You may know that Invisalign® is different than traditional braces, but you may not know all the reasons why. Both Invisalign and traditional braces straighten your teeth and correct other issues, but in very different ways. For many, Invisalign aligners are a great choice to straighten the teeth without visible brackets and wires. There are…
Questions to Ask Your Dentist When Considering Invisalign for Teeth Straightening
You probably have heard of Invisalign® but might not know how it differs from traditional braces when it comes to teeth straightening. Braces have been the go-to teeth-straightening device for many years. More recently, Invisalign has gained popularity in patients with crowding or spacing issues. Because it looks so different from traditional braces, you may have a lot of questions about whether Invisalign is right for you.
How does Invisalign work?
Unlike braces, Invisalign is removable. Dentists digitally map the teeth to create personalized plastic trays. These trays slowly move the teeth into alignment. As the patient progresses and the teeth move, the trays change. The dentist will work with the patient to create the new trays. Patients who follow instructions and wear the trays as the dentist prescribes will see the most success.
How long will I need Invisalign?
Every patient’s mouth is different. Dentists work with the patient to determine how much the teeth need to move. Most patients will wear their Invisalign trays for at least a year. It can take longer if the patient does not follow instructions for wear. Some patients have teeth that are significantly out of place. Those people may need to wear the trays longer.
What is the difference between Invisalign and braces?
Traditional braces and Invisalign produce similar results but in very different ways. Metal braces are highly visible. Braces attach to the front of the teeth and use wires and brackets to move the teeth into place. Patients often need to wear braces for two to three years and, in some cases, longer. Unlike Invisalign, patients cannot remove traditional braces to eat or perform oral hygiene.
Some people like being able to remove the Invisalign trays, but others worry about misplacing or even throwing away the customized trays. Another difference is how patients eat. Patients with braces must avoid very sticky and hard foods. Invisalign users remove the trays to eat and reinsert them after cleaning their teeth. If a patient does not clean their teeth before reinserting the Invisalign trays, there is a risk of developing tooth decay. Many patients appreciate not having to avoid eating certain foods with Invisalign.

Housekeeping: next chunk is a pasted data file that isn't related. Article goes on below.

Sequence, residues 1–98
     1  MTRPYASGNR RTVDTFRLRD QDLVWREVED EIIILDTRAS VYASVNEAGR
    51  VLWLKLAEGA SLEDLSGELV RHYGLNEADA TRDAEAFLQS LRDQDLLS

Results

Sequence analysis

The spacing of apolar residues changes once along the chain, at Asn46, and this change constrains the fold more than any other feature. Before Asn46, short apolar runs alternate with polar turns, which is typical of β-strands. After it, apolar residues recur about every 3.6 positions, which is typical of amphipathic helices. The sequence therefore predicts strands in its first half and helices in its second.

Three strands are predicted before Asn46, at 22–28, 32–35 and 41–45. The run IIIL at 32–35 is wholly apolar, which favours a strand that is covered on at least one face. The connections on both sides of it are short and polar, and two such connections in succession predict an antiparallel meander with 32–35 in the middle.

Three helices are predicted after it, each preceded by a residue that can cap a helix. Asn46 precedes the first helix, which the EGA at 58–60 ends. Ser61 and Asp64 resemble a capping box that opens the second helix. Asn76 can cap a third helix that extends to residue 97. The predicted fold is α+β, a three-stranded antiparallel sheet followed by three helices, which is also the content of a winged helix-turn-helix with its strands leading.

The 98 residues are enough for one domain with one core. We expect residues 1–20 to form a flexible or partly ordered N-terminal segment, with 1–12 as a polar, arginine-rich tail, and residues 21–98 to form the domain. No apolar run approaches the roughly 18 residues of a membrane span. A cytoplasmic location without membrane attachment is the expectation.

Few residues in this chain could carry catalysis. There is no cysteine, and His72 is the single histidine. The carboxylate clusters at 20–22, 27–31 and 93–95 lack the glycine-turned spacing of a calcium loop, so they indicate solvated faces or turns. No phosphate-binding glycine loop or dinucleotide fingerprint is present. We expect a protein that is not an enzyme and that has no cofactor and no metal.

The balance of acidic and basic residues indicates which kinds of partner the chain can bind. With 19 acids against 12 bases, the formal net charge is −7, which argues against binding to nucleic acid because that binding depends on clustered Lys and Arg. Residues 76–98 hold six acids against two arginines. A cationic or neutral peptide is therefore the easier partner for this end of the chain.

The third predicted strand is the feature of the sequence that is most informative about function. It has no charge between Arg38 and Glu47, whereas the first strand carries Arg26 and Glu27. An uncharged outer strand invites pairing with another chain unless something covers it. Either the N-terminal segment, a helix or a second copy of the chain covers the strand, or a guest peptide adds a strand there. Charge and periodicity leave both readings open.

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Is Invisalign the right choice?
Invisalign will not make teeth erupt from the gums. Some patients with extreme misalignment may not be able to use Invisalign right away. Patients who do not wear the Invisalign trays enough will have slower progress. Some patients feel a little discomfort because the trays are gently pushing the teeth into position. Patients who already have bridgework or crowns may not be able to use Invisalign since the trays move teeth individually.
The FDA has approved the high-grade plastic as biocompatible. Your dentist will assess you to determine if Invisalign is a good choice. Many people can choose Invisalign for teeth straightening with great success. Most offices will also work with you to develop a financing or payment plan if your insurance does not cover Invisalign. Invisalign can be a great choice for both adults and teens.
There are so many differences between traditional braces and Invisalign® aligners. You may be wondering which option is right for your alignment needs and if you will have to change your lifestyle. Many people choose to go through the Invisalign process because the trays are less conspicuous than traditional braces. Traditional braces can be very…
One factor you may consider when deciding between Invisalign® and braces is the potential for mouth pain and cuts. You may have a lot of concern about discomfort when correcting the alignment of your teeth. Not only can there be discomfort from moving the teeth into place, but also the corrective device can rub the…